Thanksgiving is a tough holiday for chefs. On one hand, it's a moment in which skills can shine and new and creative versions of traditional dishes can be crafted. On the other, the person(s) in charge of planning and executing the menu fight two uphill battles only tangential to ability in the kitchen:
- Thanksgiving inspires in many Americans a series of clearly-defined expectations (e.g. "THAT's NOT THE WAY MY MOM MADE YAMS!!!"), and
- Thanksgiving is an organizational nightmare.
To the first issue: there's almost no overcoming the "expectations" challenge, unless everyone around the table has had similar lifelong Thanksgiving experiences. So, instead of leaping over the hurdle, I say bust right through like the Kool-Aid guy crashing through a wall. Instead of being subtle and mixing recipes up just a little, do something different enough to circumvent expectations. No, I'm not going to provide you alternatives for every dish, but how about we start with one strategy you can employ with the Turkey?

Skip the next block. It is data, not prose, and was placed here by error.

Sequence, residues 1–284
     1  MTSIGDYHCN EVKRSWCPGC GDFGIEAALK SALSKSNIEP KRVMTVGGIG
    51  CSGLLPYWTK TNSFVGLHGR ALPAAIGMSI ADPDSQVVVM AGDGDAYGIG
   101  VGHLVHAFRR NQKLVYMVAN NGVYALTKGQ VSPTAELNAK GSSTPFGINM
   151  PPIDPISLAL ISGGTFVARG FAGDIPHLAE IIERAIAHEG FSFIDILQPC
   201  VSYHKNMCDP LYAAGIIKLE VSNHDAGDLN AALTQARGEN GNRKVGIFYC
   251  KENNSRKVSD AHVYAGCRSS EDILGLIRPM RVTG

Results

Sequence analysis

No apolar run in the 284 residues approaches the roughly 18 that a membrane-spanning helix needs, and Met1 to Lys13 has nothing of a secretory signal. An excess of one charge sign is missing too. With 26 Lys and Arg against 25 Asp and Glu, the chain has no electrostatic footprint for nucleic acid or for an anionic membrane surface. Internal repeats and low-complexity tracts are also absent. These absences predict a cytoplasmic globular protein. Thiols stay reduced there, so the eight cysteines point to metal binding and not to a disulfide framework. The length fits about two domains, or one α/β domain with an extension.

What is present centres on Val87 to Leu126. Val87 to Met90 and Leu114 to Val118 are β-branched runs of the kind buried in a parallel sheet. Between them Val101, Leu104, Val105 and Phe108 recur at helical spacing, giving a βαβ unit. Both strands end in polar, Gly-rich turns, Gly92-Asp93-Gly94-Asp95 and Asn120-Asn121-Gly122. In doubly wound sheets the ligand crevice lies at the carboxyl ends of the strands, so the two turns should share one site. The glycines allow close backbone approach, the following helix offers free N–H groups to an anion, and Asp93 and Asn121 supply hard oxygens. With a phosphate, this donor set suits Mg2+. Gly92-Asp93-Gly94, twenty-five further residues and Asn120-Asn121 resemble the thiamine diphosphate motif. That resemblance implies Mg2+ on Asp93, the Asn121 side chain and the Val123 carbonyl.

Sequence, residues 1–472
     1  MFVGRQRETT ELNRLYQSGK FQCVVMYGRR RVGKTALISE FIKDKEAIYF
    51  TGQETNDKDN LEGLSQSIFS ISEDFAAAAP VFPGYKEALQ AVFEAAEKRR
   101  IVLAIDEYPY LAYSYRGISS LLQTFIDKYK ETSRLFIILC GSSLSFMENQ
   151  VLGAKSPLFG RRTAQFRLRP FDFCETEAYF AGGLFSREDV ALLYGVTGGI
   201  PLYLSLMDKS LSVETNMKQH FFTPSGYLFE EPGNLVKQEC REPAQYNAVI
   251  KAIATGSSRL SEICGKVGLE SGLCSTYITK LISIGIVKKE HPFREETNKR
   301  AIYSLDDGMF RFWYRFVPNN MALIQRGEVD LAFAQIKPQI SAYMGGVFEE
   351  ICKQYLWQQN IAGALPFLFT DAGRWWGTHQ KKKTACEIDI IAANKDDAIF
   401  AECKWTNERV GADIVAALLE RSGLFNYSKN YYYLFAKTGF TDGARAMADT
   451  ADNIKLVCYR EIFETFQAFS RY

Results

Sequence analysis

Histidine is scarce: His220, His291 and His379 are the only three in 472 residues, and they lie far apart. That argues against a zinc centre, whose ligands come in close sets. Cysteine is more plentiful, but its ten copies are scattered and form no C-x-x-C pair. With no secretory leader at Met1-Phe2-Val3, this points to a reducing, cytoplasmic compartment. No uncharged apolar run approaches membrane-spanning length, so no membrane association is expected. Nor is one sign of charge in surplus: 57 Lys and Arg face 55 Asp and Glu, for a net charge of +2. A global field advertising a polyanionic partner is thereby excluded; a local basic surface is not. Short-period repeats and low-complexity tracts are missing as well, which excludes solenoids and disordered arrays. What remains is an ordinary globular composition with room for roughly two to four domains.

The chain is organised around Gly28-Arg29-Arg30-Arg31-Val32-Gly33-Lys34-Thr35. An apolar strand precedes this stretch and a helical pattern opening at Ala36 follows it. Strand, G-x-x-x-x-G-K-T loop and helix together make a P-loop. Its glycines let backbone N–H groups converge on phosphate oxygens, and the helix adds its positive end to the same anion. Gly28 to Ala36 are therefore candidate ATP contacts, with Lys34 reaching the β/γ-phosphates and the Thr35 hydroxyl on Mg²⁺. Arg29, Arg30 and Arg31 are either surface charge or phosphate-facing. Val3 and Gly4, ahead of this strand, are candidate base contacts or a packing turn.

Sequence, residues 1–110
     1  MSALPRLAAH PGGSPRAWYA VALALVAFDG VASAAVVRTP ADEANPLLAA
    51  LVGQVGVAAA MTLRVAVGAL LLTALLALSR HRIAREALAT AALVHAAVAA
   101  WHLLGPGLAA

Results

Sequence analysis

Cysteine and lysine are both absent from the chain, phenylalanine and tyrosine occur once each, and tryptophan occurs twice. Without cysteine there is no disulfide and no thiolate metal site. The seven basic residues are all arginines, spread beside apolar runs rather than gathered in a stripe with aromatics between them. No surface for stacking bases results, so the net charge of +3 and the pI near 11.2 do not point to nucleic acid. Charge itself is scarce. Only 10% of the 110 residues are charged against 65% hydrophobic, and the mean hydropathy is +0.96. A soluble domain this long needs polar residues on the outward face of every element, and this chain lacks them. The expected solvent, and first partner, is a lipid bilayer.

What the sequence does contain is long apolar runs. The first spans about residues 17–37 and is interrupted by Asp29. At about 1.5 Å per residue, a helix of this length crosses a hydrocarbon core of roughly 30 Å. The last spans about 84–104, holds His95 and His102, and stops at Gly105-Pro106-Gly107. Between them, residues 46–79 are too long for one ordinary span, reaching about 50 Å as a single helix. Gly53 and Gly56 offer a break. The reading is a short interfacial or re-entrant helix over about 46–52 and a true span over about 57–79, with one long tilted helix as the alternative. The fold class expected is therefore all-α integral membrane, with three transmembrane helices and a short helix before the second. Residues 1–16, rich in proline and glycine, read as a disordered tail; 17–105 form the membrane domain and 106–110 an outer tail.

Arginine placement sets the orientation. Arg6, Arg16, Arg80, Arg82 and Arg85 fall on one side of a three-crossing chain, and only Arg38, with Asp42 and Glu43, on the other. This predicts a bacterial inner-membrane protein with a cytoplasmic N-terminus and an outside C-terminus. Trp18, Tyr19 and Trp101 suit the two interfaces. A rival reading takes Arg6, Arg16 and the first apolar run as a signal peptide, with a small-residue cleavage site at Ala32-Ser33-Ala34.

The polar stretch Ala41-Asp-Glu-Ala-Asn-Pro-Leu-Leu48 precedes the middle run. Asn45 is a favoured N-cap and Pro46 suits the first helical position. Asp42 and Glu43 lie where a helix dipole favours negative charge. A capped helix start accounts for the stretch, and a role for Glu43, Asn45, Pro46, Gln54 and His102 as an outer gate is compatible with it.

NOTE: I say "Turkey" with a capital "T" (which rhymes with P which stands for pool) because Turkey is the centerpiece of any (non-vegetarian/alternative) Thanksgiving. Have you ever seen a Thanksgiving spread without a shining, golden, monumental KING Turkey perfectly centered among the sides?
Anyway, one still-impressive but rather easy way to jazz up the Turkey is by herb-roasting a few breasts. I suppose this only works if you're feeding people who tend to prefer white meat; however, the method I'm about to elaborate includes a little dark as well.